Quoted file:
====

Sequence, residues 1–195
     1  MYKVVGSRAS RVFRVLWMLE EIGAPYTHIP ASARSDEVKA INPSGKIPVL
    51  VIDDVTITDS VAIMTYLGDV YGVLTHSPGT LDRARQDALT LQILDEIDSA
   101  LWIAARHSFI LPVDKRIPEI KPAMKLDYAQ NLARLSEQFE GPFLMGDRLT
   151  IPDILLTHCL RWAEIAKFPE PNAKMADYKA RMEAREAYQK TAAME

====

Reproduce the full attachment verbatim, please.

Sequence, residues 1–195
     1  MYKVVGSRAS RVFRVLWMLE EIGAPYTHIP ASARSDEVKA INPSGKIPVL
    51  VIDDVTITDS VAIMTYLGDV YGVLTHSPGT LDRARQDALT LQILDEIDSA
   101  LWIAARHSFI LPVDKRIPEI KPAMKLDYAQ NLARLSEQFE GPFLMGDRLT
   151  IPDILLTHCL RWAEIAKFPE PNAKMADYKA RMEAREAYQK TAAME